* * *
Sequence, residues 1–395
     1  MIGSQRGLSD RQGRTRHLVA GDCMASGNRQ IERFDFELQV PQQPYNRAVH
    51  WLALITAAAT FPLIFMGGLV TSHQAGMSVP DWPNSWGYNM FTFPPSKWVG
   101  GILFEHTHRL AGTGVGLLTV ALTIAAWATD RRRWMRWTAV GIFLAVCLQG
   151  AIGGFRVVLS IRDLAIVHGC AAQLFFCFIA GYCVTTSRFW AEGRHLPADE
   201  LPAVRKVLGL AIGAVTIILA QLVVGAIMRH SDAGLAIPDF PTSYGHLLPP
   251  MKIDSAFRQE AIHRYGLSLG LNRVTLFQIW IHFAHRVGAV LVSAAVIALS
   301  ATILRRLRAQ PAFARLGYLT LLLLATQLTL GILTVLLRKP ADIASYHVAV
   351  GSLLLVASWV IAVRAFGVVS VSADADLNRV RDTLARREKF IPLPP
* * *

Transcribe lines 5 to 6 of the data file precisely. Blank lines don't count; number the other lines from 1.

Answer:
   151  AIGGFRVVLS IRDLAIVHGC AAQLFFCFIA GYCVTTSRFW AEGRHLPADE
   201  LPAVRKVLGL AIGAVTIILA QLVVGAIMRH SDAGLAIPDF PTSYGHLLPP